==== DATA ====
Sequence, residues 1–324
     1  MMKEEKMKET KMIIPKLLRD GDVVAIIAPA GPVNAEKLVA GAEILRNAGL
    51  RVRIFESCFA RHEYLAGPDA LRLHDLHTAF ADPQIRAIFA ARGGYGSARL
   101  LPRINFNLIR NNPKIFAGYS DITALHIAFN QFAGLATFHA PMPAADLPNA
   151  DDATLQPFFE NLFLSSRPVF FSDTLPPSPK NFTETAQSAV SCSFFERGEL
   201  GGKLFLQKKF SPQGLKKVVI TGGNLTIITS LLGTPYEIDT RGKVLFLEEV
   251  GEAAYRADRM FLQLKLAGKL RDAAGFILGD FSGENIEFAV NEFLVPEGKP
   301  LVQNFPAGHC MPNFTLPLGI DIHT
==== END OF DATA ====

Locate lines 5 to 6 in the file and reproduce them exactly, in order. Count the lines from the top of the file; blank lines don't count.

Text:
   151  DDATLQPFFE NLFLSSRPVF FSDTLPPSPK NFTETAQSAV SCSFFERGEL
   201  GGKLFLQKKF SPQGLKKVVI TGGNLTIITS LLGTPYEIDT RGKVLFLEEV